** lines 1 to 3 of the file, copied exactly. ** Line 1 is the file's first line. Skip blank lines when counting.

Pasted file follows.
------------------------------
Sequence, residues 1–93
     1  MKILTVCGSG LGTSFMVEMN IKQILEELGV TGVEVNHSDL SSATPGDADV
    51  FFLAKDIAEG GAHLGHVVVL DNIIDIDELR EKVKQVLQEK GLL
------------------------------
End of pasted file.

Sequence, residues 1–93
     1  MKILTVCGSG LGTSFMVEMN IKQILEELGV TGVEVNHSDL SSATPGDADV
    51  FFLAKDIAEG GAHLGHVVVL DNIIDIDELR EKVKQVLQEK GLL